The diffusion, reading and expansion not only of medieval literature but of Arthurian literature has its main general chronological space in nineteenth century, related with the Romantic Movement and exacerbated with search for roots and ancient past in the young Nations. As occurred with the political medieval substratum also in Canada, and again through James Cadwell, the English chivalric society inspired new looks and reading on medieval sources, more linked here with the cultural than social (Ryan, 2017, pp. 185-186Ryan, L. (2017) “James Martin Cawdell and Medieval Politics in Early Canada”. Studies in Canadian Literature / Études En littérature Canadienne, 42/1. https://journals.lib.unb.ca/index. php/SCL/article/view/25939/30140 [Accessed 06 February 2020]). In Between the States America the chivalric sense and values, with the diffusion of the Arthurian world, has its influence in the material fact of war and the combat itself. Here the meanings of the personal develop of the fighting and the practical confrontation of armies is closer to the medieval conceptions on war on both sides. The terms of cowardly or bravery continue the pattern described for medieval and renaissance armies, marking certain difference “from the normative expectations that characterize ‘attention to duty’ in most Western armies in this century” (Marlowe, 2011, p. 18Marlowe, D. H. (2011) Psychological and Psychosocial Consequences of Combat and Deployment with Special Emphasis on the Gulf War. Santa Monica, CA: RAND Corporation.).15 On Between the States war: “all combat and postcombat behaviour took place in an environment of value and expectation about individual performance far closer to that of the Greeks and medieval conceptions than to those of our time. Soldiers were either brave or cowardly” (Marlowe, 2011, p. 18). This points on the difficulty of comparison of terms (Herzfeld, 1980, p. 339340). Applying concepts in medieval war see: Hodgson, 2013. And in related and close subjects: Flannery, 2012. This is the last time these concepts were applied in US army; in global wars, this maintained more time, until twentieth century conflicts.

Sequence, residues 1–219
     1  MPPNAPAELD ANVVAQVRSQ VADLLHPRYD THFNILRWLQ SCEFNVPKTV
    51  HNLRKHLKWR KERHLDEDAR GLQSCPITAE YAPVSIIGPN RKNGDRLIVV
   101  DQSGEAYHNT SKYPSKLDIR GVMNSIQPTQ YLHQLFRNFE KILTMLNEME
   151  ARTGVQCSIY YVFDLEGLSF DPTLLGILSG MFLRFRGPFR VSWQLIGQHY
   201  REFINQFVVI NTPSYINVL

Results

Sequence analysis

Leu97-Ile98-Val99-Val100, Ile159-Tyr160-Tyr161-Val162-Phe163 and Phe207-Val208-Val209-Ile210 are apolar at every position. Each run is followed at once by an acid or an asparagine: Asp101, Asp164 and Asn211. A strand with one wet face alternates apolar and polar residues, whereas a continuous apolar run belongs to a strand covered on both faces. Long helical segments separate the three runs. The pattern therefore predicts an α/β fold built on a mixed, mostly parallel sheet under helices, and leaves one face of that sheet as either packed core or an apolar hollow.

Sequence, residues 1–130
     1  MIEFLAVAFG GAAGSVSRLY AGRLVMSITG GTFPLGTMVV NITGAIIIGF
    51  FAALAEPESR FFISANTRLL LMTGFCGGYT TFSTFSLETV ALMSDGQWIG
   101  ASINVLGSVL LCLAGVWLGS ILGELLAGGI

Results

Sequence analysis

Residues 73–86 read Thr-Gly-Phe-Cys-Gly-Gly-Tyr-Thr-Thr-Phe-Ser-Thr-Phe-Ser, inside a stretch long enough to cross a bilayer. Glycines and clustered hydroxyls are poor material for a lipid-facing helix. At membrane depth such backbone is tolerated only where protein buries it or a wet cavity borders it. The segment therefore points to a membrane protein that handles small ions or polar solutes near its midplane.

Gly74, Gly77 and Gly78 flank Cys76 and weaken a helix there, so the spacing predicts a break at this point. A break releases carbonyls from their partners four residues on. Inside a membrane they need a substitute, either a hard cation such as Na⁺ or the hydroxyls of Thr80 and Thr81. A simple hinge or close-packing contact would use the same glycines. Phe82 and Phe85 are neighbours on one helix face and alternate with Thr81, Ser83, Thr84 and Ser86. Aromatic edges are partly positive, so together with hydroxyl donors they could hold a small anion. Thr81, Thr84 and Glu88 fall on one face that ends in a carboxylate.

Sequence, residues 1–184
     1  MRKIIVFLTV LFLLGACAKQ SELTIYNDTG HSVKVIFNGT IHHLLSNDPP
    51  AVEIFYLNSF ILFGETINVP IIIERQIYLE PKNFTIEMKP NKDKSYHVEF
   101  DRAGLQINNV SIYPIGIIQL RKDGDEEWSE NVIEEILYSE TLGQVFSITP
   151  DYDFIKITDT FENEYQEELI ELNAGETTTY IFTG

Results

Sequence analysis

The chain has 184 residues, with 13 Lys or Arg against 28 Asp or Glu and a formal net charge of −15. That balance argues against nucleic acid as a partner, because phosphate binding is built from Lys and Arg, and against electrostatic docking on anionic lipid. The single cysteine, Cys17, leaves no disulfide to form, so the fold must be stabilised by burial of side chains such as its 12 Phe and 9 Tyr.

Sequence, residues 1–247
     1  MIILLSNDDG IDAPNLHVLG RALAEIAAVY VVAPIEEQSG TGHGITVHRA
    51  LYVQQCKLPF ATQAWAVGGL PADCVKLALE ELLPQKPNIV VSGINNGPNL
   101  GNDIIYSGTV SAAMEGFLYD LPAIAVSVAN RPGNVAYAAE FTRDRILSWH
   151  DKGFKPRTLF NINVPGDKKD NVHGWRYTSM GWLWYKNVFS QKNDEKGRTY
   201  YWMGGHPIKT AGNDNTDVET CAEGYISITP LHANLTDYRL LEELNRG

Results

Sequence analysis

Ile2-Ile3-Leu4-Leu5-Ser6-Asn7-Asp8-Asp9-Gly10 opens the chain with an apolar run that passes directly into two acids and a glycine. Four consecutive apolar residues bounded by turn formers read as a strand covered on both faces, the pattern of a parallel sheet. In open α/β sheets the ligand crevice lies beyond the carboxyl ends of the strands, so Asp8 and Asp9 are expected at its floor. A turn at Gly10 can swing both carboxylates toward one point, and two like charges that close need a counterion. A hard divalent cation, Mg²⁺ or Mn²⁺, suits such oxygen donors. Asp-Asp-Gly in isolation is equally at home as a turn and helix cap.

Going further, the consideration of bravely is in part inherited from the chivalric mental developments in European later medieval society where chivalry and knighthood grew up. If we consider the ideal of gentleman and soldier, especially in the Southern states, the chivalric ideals of the European medieval chivalry were not so far away from American antebellum and war mentality. There is in the twelfth and thirteenth centuries when, as Robert Fossier remarks, the new culture of the aristocracy grows up in European society around the warrior values, so much appreciated by the knights (Fossier, 1988, p. 369Fossier, R. (1988) La Edad Media (v. 2). Barcelona: Editorial Crítica.). Following Georges Duby, there are four main values of the medieval chivalry of the thirteenth century: honour, courtesy, honesty and prowess.16 Among other works, this mainly developed in: Duby, 1984. On some of those values and the historical sense from literature, recently: Bremmer, 2014. We can add another, the largesce [generosity], pointed by Erich Köhler, the social generosity with peers and with those with lower status (Köhler, 1990, p. 32Köhler, E. (1990) La aventura caballeresca. Ideal y realidad en la narrativa cortés. Barcelona: Ed. Sirmio.). Crossing time through American Between the States War, Robert E. Lee explains his sense of chivalry and the chivalric ideal from South perspective in one paper edited by Emory M. Thomas and remarked by Gale Sigal. He points here the main virtues of the southern gentleman and chivalry, virtues that are not so far from European medieval knight (Sigal, 2016, p. 169Sigal, G. (2016) “At What Price Arthur? Academic Autobiography Medieval Studies and the American Medieval”. In: G. R. Overing and U. Wiethaus, eds., American/Medieval. Nature and Mind in Cultural Transfer. Gottingen: V&R Unipress, pp. 151-174.). These are for sure power and strength, education and refinement but also mercy and the avoiding using that power and strength: